A month after a massacre at a Buffalo supermarket left 10 Black residents dead, federal prosecutors charged the accused gunman with 26 counts of hate crimes and weapons violations on Wednesday.
Some of the federal charges could carry the death penalty if the Justice Department decided to seek it, though there is currently a moratorium on federal executions.
The news of the criminal complaint — which contained new evidence of the suspect’s racist hatred and his commitment to planning an attack that would kill as many Black people as possible — came as Attorney General Merrick Garland traveled to Buffalo on Wednesday to visit the site of the massacre.
In a news conference on Wednesday, Mr. Garland did not rule out seeking the death penalty in the case. “The Justice Department has a series of procedures it follows,” he said, adding: “The families and the survivors would be consulted.”
The suspect, Payton Gendron, 18, is an avowed white supremacist who wore body armor and carried a semiautomatic rifle while livestreaming the attack online. In the days before the attack, he also posted a lengthy rant outlining his belief in so-called replacement theory, a belief rooted in white supremacy that posits a scheme to “replace” white people with people of color.
All told, 13 people were shot at the Tops on the afternoon of May 14; three survived.
In the complaint filed Wednesday, an F.B.I. agent said that the suspect’s motive was “to prevent Black people from replacing white people and eliminating the white race, and to inspire others to commit similar attacks.”
Authorities have previously said that he had elaborately planned his massacre, traveling more than 200 miles from his home in Conklin, N.Y., after choosing the East Side neighborhood in Buffalo because of its large number of Black residents. He is also believed to have written a series of private posts about his plans on Discord, a messaging platform, that he made public shortly before the attack and that were rife with racist ramblings.
Prosecutors decided to file the charges in the hours after the attack, but waited to do so until after local prosecutors had announced their charges and the F.B.I. had completed its investigation, according to officials involved in the probe.
Investigators have previously said that the accused gunman visited the Tops market before the attack to do reconnaissance, but the federal complaint contained new details, including a March 8 visit in which he “created two sketches of the interior layout” of the supermarket and counted the number of Black people inside and outside the store, including cashiers and two Black security guards. A day before the attack, he returned and loitered both inside and outside the store.
Finally, on the day of the attack, federal prosecutors say, he visited just hours before the shooting began and “observed a ‘healthy amount of old and young’ Black people in the store.”
The federal complaint offered other insights into the suspect’s state-of-mind and preparations, such as a handwritten note he left in his bedroom on the morning of the shooting, in which he wrote that he “had to commit this attack” because he cares “for the future of the White race.”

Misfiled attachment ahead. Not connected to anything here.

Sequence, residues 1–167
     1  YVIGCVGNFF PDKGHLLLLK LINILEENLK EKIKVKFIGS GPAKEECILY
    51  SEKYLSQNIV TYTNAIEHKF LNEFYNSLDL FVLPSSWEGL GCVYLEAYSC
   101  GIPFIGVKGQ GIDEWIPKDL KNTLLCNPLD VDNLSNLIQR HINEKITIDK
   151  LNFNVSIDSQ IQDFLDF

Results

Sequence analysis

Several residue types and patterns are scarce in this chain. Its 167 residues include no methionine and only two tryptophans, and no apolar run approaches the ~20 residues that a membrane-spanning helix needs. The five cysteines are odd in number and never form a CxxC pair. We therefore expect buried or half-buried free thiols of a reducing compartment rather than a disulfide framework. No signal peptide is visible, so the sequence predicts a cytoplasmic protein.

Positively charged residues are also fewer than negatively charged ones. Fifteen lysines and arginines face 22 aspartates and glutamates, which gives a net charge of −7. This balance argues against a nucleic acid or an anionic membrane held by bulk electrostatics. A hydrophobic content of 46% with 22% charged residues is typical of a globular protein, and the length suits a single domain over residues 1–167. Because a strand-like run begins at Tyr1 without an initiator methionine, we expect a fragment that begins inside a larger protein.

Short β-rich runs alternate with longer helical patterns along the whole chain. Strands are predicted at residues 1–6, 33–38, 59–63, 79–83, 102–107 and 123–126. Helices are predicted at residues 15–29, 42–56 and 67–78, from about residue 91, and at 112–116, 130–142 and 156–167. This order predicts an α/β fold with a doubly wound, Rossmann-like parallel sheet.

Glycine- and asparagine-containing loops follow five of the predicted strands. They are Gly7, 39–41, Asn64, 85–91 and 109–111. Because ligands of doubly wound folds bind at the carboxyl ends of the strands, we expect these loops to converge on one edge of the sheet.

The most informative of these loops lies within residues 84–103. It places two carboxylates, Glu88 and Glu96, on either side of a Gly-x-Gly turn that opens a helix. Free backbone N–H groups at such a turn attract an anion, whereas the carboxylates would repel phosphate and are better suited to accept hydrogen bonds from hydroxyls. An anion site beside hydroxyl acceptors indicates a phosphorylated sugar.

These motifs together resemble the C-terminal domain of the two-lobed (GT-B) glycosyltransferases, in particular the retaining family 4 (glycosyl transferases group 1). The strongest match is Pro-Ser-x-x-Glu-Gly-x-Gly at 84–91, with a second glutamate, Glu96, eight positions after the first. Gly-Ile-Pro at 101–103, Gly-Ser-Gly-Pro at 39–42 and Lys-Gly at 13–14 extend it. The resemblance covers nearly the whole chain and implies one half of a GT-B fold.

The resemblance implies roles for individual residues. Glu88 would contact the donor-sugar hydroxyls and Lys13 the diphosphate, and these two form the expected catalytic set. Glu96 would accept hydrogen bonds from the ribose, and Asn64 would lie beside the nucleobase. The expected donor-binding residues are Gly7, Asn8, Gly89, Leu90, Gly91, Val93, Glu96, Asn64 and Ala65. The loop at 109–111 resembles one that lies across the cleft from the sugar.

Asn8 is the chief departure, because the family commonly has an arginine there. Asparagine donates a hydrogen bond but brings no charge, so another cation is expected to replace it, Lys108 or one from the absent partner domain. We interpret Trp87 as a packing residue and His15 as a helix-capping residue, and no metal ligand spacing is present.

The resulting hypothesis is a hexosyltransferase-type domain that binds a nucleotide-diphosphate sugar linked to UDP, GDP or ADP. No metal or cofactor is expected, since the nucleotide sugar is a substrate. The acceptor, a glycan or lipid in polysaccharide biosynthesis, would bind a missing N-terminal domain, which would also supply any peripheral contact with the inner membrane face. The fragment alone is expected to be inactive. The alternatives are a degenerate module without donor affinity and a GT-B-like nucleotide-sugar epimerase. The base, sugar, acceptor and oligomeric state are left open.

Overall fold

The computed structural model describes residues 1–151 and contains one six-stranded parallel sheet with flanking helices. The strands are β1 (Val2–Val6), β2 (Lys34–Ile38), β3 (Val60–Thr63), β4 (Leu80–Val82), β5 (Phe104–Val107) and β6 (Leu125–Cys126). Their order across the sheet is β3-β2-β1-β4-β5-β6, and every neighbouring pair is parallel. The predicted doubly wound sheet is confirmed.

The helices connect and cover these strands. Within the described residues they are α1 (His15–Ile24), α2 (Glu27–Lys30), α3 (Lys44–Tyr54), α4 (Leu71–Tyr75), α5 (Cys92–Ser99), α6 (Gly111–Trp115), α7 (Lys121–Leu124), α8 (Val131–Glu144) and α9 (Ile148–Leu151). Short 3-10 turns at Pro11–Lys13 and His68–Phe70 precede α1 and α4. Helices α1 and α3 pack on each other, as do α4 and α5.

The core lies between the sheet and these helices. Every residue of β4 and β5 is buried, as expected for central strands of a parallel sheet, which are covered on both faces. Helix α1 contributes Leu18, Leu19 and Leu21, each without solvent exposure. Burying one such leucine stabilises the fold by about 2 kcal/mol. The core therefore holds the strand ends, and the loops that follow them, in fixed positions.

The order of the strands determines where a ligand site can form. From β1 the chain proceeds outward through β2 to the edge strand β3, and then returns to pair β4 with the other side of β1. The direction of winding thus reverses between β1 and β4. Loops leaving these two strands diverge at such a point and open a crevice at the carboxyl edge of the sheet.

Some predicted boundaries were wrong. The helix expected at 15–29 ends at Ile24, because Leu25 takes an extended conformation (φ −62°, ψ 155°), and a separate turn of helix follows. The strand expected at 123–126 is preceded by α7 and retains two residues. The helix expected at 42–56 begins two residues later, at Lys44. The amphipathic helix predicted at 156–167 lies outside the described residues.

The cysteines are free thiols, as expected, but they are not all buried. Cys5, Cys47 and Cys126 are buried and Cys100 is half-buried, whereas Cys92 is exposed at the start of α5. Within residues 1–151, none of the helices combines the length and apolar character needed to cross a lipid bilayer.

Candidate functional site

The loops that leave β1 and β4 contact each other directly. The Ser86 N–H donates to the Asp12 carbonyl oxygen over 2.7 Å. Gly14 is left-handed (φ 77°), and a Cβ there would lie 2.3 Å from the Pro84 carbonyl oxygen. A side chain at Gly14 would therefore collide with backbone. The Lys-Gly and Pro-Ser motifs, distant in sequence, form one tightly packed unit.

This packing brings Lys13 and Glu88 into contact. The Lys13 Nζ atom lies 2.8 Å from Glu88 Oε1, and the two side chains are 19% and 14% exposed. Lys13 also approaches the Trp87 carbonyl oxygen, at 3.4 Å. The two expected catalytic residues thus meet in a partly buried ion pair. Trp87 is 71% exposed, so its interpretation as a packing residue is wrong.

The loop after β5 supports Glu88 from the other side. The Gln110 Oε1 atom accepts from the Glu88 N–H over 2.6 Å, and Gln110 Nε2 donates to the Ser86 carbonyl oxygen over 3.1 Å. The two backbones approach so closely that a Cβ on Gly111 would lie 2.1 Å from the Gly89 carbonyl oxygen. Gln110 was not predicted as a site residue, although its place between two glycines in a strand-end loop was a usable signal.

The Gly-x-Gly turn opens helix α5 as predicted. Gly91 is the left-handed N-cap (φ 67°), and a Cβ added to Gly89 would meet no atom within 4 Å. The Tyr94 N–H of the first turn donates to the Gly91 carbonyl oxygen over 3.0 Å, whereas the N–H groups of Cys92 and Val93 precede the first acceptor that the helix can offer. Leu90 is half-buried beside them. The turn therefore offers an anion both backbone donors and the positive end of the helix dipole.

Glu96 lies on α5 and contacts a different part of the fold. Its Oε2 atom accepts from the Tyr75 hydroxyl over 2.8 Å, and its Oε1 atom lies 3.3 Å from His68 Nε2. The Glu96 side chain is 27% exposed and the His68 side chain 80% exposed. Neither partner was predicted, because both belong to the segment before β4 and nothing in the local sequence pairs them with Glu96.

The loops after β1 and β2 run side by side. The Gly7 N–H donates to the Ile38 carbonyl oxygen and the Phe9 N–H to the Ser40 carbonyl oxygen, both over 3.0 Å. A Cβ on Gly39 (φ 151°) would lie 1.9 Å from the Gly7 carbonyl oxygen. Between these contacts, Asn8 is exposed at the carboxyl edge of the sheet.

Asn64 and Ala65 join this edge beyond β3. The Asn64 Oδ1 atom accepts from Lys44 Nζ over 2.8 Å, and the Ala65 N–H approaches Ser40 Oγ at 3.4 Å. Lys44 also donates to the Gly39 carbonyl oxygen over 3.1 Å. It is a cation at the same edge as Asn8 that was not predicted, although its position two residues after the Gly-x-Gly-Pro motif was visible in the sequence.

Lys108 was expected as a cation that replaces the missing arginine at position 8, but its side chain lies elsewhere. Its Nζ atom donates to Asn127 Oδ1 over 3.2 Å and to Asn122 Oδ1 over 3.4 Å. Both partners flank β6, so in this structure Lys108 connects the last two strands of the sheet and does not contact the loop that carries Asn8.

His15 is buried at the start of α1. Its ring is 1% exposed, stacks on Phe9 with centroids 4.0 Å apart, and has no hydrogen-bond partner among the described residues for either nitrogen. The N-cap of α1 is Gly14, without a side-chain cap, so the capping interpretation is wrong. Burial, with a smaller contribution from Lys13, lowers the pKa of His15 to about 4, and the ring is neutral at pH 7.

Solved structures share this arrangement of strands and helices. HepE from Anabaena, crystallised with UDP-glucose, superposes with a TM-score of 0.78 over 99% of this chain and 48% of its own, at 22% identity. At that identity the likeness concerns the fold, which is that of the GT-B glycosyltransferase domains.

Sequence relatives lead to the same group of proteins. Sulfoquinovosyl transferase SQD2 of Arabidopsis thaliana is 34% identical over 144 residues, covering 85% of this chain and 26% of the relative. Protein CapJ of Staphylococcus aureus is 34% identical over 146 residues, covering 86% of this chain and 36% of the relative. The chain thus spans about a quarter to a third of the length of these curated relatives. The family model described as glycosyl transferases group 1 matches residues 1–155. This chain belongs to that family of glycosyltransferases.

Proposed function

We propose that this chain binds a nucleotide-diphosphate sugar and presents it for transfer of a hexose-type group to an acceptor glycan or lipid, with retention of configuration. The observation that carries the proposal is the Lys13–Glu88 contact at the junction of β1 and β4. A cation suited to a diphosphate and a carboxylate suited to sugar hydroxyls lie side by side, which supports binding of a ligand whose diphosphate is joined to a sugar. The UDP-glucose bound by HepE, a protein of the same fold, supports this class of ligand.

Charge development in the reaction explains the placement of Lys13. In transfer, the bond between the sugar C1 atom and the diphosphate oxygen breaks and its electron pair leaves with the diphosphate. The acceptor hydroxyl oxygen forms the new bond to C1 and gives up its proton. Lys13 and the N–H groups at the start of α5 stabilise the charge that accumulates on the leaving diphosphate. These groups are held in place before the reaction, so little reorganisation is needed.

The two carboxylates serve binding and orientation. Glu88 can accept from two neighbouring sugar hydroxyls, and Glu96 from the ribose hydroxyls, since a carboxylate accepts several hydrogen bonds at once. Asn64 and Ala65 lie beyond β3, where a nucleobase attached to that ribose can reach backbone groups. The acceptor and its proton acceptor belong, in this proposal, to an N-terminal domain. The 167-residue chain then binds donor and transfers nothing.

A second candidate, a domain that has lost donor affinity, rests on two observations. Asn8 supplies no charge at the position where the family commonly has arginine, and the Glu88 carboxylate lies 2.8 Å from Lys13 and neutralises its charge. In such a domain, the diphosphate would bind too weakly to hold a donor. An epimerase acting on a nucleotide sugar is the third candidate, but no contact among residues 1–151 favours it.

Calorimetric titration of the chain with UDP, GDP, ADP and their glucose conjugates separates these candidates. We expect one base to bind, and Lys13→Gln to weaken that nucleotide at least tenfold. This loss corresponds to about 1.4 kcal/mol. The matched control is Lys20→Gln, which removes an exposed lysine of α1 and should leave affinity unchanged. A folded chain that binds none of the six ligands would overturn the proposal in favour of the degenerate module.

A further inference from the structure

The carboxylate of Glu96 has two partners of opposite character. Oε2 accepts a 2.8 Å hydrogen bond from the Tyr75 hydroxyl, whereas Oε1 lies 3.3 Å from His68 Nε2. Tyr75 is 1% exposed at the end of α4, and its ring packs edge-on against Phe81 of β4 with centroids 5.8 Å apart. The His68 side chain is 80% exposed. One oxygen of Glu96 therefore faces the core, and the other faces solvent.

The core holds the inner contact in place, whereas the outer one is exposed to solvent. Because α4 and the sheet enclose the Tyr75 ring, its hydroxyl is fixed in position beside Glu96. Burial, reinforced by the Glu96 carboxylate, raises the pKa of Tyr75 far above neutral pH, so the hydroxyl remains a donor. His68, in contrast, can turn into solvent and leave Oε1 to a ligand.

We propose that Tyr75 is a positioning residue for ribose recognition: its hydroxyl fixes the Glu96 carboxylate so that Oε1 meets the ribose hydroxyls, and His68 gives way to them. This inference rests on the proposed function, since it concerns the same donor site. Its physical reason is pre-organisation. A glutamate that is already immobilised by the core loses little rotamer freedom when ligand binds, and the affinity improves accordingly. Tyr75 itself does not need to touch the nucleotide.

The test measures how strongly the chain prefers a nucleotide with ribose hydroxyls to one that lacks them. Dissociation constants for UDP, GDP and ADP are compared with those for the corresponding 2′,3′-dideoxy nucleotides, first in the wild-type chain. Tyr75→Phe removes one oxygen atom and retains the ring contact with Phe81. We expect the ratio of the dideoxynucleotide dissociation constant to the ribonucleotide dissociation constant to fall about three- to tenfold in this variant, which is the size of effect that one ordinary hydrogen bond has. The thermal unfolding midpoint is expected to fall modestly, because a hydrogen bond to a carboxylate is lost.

The federal charges include 10 counts each of hate crimes and use of firearms to commit murder, one for each of the people killed in the attack.
In addition, Trini E. Ross, the United States Attorney for the Western District of New York, charged the suspect with three counts of hate crime and gun charges associated with the three people who were injured but not killed in the rampage.
The hate crime charges carry the possibility of a death penalty, which would be determined on the basis of deliberations by a panel of Justice Department officials. But while Ms. Ross said during a news conference in the days after the killing that the death penalty was “on the table,” the department has imposed an indefinite moratorium on the use of the death penalty.
Mr. Garland, since taking office last year, has not authorized any local U.S. attorney to pursue the death penalty against a defendant convicted in an eligible case, the Justice Department said Wednesday.
Mr. Gendron has pleaded not guilty to those charges and is being held without bail.
The attack at Tops, and an even more deadly massacre at an elementary school in Uvalde, Texas, has already impacted both policy and politics in New York, including the passage of a series of new state laws meant to tighten restrictions on gun ownership, including raising the minimum age to buy a semiautomatic rifle to 21. Gov. Kathy Hochul, a Democrat, also issued a pair of executive orders, including one to enhance monitoring of online extremism by the State Police.
The mass shooting in Buffalo also led Representative Chris Jacobs, a Republican who represents some of the city’s suburbs, to embrace a series of gun control measures, prompting a furious blowback from members of his own party. As a response, Mr. Jacobs said he would not run for a new term in November, decrying many Republicans’ unblinking opposition to any gun control.
On Sunday, Senate leaders in Washington said they had reached a framework for a bipartisan deal on a series of modest reforms, including enhanced background checks for prospective gun buyers under the age of 21 and funding for so-called red-flag laws that allow authorities to confiscate guns from people deemed to be dangerous to themselves or others.
Dan Higgins contributed reporting from Buffalo and Glenn Thrush contributed reporting from Washington. Benjamin Weiser contributed reporting from New York.